Hackers believed to be working for a foreign government recently breached at least a dozen U.S. power plants. The Department of Homeland Security and Federal Bureau of Investigation said they are aware of a potential intrusion in the energy sector. The government agencies said in a joint statement “There is no indication of a threat to public safety, as any potential impact appears to be limited to administrative and business networks.”
The attack sparked concerns the attackers were searching for vulnerabilities in the electrical grid. The Department of Energy said it was working with utilities and grid operators to enhance security. The department said in a statement, “We take any reports of malicious cyber activity potentially targeting our nation’s energy infrastructure seriously and respond accordingly.”
The targets included the Wolf Creek nuclear facility in Kansas, according to current and former U.S. officials. Wolf Creek is an aging nuclear generating facility on a lake shore near Burlington, Kansas owned by Westar Energy Inc., Great Plains Energy Inc. and Kansas Electric Power Cooperative Inc. Wolf Creek began operations in 1985.
The operational controls at Wolf Creek were not pierced, according to government officials. The operating systems at nuclear plants tend to be legacy controls, not digital control systems that can be exploited by hackers. While the core of a nuclear generator is heavily protected, a sudden shutdown of the turbine can trigger safety systems designed to disperse excess heat while the nuclear reaction is halted. If the safety systems are also hacked, it could cause a big issue.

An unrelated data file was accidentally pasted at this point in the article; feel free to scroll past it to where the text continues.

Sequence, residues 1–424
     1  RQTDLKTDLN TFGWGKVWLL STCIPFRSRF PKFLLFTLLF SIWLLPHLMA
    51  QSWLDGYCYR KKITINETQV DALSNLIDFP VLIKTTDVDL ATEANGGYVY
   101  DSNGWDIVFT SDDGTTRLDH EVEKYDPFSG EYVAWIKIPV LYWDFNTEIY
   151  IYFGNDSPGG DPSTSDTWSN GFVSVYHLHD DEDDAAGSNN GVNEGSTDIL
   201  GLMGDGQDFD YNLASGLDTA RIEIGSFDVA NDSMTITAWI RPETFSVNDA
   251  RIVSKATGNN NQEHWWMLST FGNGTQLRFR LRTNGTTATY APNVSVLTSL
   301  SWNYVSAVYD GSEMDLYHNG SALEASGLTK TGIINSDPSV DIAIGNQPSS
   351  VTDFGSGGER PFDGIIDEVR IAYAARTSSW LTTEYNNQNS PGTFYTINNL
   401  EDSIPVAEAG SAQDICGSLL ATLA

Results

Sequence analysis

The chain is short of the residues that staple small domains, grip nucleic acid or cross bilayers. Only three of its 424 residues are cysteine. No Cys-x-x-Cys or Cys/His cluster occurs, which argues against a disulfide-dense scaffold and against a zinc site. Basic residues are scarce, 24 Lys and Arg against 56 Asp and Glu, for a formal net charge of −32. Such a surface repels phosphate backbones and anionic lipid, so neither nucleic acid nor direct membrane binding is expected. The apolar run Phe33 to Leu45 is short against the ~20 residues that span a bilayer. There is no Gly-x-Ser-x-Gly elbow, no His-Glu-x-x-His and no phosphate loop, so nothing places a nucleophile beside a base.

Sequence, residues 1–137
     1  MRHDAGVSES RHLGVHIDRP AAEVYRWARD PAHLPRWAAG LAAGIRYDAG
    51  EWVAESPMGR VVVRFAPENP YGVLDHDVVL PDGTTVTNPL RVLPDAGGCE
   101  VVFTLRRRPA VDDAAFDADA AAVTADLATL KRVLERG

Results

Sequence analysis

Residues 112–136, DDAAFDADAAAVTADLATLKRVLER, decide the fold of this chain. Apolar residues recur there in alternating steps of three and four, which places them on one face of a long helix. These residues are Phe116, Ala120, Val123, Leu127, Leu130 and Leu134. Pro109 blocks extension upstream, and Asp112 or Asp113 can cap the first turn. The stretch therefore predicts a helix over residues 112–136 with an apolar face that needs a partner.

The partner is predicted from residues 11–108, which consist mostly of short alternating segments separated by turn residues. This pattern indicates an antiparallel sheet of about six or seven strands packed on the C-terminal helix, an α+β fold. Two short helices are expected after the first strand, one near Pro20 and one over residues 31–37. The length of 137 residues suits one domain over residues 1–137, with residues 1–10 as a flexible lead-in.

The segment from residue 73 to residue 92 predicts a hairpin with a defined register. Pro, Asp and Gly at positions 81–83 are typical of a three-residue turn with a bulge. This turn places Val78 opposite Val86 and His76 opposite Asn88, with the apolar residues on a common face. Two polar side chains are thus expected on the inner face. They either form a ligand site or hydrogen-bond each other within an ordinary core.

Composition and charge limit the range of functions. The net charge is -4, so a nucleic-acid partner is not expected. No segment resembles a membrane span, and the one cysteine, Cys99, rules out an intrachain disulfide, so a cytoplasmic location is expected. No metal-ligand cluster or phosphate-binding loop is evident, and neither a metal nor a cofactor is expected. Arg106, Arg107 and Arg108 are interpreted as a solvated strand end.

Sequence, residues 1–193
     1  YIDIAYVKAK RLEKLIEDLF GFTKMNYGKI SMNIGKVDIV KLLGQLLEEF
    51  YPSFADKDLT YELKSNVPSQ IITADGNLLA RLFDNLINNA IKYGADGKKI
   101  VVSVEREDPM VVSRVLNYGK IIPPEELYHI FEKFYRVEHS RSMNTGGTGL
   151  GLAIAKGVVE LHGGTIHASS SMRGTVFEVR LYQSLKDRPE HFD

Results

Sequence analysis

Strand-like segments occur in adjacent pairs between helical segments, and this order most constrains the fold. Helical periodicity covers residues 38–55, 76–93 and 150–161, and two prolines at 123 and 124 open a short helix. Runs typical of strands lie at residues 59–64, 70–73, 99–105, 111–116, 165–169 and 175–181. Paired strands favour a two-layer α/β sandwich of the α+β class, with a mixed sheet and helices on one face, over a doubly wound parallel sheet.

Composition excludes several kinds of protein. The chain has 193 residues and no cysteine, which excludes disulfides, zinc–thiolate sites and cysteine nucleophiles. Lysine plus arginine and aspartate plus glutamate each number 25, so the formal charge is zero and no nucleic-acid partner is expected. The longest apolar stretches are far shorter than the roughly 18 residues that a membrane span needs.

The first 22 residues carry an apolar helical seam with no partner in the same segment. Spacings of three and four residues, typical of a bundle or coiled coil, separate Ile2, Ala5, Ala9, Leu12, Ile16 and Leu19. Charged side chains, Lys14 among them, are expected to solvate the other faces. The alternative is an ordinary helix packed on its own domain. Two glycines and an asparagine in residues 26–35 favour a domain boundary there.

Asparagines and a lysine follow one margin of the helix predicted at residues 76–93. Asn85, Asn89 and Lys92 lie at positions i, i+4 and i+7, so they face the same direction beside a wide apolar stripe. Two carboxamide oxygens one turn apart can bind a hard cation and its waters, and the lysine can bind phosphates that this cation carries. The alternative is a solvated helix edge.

There are concerns that the attacks are meant to eventually disrupt the nation’s power supply. The officials said that a general alert was distributed to utilities a week ago. The alert issued to utilities cited activities by hackers since May. In one incident, hackers recently infiltrated an unidentified company that makes control systems for equipment used in the power industry.
Several private security firms are studying data on the attacks. Determining who is behind an attack can be tricky. When trying to determine whether a foreign government is sponsoring cyber activities, the government looks at several key markers, including the sophistication of the tools. The U.S. National Security Agency is working to confirm the identity of the hackers, who are reportedly using computer servers in Germany, Italy, Malaysia, and Turkey to cover their tracks.
According to three people familiar with the matter, the chief suspect in the attacks is Russia. Russia appears to be testing increasingly advanced tools to disrupt power supplies. Russian hackers previously took down parts of the electrical grid in Ukraine.
The U.S. has several continuing investigations into Russia’s activities. International tensions have flared over the conclusion by U.S. intelligence agencies that Russia tried to influence the 2016 presidential election.